Celebrate Passover 2022/5782
There are many ways to come together with your Central family this Passover. In addition to our Virtual Community Seder, we are offering a number of additional exciting Passover events this year. We hope you will join us.
First Night Community Seder
Friday, April 15
Shabbat Service: 6:00–6:45 pm (In-person or Virtual)
Seder: 7:00–8:15 pm (Via Zoom for Members)
Join Cantor Dan Mutlu, Rabbi Sarah Berman, and the Central community virtually for a meaningful Passover Seder after an abbreviated Shabbat service with Clergy. Watch on livestream on our website, Facebook, YouTube, and JBS.
Passover Boot Camp With Rabbi Dov Linzer and Abby Pogrebin
Wednesday, April 6
5:30 pm–6:30 pm
Rabbi Dov Linzer joins journalist Abby Pogrebin for a deep dive into the holiday, focusing on the question: How does the Passover story guide us in the journey towards justice—both in the ways we show up for others, and in the ways we hope others will show up for us?
WORDS & MUSIC: A Musical Seder with Cesare Civetta
Tuesday, April 19
Beloved guest presenter and conductor Cesare Civetta returns for a tuneful Passover exploration featuring music from an array of genres and traditions, along with performance clips of your holiday favorites such as Dayenu, Chad Gadya, and more.
Counting the Omer with Rebbe Nachman of Breslov
Mondays, April 25–June 2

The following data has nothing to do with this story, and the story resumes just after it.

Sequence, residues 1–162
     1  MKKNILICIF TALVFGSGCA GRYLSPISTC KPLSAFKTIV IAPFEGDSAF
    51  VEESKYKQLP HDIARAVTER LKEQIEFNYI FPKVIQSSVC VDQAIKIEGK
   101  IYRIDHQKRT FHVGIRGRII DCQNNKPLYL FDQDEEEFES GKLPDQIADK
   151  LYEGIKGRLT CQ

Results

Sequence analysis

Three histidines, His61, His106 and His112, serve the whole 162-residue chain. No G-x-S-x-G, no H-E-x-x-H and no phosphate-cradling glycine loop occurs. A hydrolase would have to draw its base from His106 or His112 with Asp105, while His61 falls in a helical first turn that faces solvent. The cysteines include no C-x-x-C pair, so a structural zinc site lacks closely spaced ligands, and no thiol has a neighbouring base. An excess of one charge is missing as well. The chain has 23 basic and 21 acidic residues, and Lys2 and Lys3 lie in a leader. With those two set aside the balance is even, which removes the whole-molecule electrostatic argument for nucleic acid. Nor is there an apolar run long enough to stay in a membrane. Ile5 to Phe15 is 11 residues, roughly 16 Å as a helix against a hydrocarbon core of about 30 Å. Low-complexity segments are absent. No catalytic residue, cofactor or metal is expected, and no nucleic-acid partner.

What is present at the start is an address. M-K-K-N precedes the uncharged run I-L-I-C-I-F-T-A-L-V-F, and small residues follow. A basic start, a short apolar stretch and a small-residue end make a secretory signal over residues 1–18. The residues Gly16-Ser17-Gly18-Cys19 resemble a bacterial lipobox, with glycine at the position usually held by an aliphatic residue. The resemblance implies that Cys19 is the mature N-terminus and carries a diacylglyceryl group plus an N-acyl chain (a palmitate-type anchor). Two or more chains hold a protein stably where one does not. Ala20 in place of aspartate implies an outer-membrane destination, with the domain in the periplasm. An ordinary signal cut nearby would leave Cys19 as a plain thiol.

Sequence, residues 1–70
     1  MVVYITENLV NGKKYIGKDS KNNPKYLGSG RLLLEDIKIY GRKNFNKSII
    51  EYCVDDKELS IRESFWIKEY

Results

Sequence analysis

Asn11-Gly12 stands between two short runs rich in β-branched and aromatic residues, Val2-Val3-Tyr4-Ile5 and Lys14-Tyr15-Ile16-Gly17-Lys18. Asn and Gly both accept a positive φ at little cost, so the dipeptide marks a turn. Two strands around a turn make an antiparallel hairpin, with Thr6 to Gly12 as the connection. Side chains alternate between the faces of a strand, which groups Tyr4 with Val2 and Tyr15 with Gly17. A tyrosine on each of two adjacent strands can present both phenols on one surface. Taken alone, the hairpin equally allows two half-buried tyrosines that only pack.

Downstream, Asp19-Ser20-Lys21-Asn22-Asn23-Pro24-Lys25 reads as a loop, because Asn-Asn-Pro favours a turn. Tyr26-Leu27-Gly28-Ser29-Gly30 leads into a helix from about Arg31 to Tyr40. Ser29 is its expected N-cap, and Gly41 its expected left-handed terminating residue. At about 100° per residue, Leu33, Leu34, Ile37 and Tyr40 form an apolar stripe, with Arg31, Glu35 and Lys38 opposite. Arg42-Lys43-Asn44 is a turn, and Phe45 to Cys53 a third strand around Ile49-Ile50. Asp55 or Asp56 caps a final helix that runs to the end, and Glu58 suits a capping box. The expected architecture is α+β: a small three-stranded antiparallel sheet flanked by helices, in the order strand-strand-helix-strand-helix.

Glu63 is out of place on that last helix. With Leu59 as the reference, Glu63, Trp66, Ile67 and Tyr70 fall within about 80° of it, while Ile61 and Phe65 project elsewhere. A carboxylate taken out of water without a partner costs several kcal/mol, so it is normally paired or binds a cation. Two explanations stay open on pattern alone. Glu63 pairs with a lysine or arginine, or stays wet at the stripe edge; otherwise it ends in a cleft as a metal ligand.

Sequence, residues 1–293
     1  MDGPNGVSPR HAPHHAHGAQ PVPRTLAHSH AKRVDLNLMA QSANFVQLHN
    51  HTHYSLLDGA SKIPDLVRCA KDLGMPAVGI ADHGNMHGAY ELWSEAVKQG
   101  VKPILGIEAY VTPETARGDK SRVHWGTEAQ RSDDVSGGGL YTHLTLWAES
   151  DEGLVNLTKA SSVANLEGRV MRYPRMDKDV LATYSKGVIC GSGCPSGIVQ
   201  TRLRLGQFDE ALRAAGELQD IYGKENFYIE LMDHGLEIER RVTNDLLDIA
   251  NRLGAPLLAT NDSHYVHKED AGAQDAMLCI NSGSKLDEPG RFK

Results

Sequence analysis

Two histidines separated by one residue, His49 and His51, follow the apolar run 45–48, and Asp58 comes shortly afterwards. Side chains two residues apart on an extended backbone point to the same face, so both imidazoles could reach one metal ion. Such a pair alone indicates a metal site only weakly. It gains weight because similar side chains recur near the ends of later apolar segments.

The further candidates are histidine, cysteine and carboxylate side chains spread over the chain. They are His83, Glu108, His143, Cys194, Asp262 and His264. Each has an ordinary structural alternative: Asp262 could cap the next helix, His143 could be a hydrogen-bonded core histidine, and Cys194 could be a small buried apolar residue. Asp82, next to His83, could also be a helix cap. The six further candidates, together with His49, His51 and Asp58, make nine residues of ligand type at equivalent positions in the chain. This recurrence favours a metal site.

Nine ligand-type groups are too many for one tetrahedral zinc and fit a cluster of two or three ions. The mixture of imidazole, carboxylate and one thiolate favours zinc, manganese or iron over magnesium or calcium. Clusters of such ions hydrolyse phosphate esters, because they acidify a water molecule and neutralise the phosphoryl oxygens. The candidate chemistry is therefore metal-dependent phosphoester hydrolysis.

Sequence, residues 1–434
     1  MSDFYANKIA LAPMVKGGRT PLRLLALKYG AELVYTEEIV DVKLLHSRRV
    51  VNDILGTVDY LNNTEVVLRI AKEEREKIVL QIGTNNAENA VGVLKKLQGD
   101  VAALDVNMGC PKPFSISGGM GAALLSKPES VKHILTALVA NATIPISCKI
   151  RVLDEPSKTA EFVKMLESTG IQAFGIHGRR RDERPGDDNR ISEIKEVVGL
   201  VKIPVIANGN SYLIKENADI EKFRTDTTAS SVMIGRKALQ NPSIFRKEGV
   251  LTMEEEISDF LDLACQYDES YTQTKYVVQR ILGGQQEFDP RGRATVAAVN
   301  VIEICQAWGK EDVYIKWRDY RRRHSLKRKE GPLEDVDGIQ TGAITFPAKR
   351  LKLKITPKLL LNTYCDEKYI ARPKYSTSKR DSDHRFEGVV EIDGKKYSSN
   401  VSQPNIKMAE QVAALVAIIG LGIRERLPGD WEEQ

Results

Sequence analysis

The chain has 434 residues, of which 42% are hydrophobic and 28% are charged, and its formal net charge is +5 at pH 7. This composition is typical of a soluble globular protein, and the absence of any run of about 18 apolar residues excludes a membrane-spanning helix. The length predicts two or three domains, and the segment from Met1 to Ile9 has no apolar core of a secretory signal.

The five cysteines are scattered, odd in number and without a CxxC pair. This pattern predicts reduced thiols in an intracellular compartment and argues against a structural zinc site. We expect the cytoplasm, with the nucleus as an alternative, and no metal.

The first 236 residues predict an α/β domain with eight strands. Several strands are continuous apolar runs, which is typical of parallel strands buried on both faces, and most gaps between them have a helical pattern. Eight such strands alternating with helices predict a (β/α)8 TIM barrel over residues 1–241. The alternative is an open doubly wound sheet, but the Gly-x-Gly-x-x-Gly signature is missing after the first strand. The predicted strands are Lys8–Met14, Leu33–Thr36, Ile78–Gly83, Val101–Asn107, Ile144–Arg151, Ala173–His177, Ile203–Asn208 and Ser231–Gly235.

How do we find the Divine wisdom that is uniquely in every thing, every person, every day, every hour? This year during the Counting of the Omer, join us for a spiritual treasure hunt guided by the teachings of Rebbe Nachman of Breslov.
Awareness in Action: Cultivating Character through Mindfulness and Middot
Begins Sunday April 10
During this course, you’ll learn how to access and practice eight core character traits (middot), ranging from loving connection to mindful speech. The program will run for nine weeks, covering the seven weeks of the period known as the Omer, plus two additional bonus weeks.
Passover (Pesach in Hebrew), is a seven-day, springtime festival beginning on the 15th day of Cisan. It commemorates the Jews’ exodus from slavery in Egypt to redemption in the Holy Land of Israel. It begins with a special seder at home where we retell the story of our journey from bondage to liberation using the Haggadah (a book meaning “telling”) and sharing a festive meal featuring many symbolic foods that help tell the story. Throughout the seven days of Passover, we are prohibited from eating chametz (leavened products) as a reminder of our hurried escape from Egypt when there was not even enough time to wait for bread to rise. Instead, we traditionally eat matzah (unleavened bread).
At this time when we celebrate the freedom of our people, we are provided with an opportunity to stand with those who still suffer under the bondage of modern-day slavery. Rabbi Angela Buchdahl speaks eloquently about this in the clip above. In the video below Rabbi Buchdahl and Cantor Julia Cadrain combine the Passover favorite “Dayenu” (“It Would Have Been Enough”) with the spiritual “O Freedom” as a way of connecting the Jewish community with all who have suffered from oppression and bondage. At Central, we celebrate Passover with a festival morning service on the first day and a community seder on the first night. On the seventh day of Passover, we come together again for a festival morning that also includes a yizkor (memorial) service—an opportunity to remember and reflect on the lives of those who have passed away.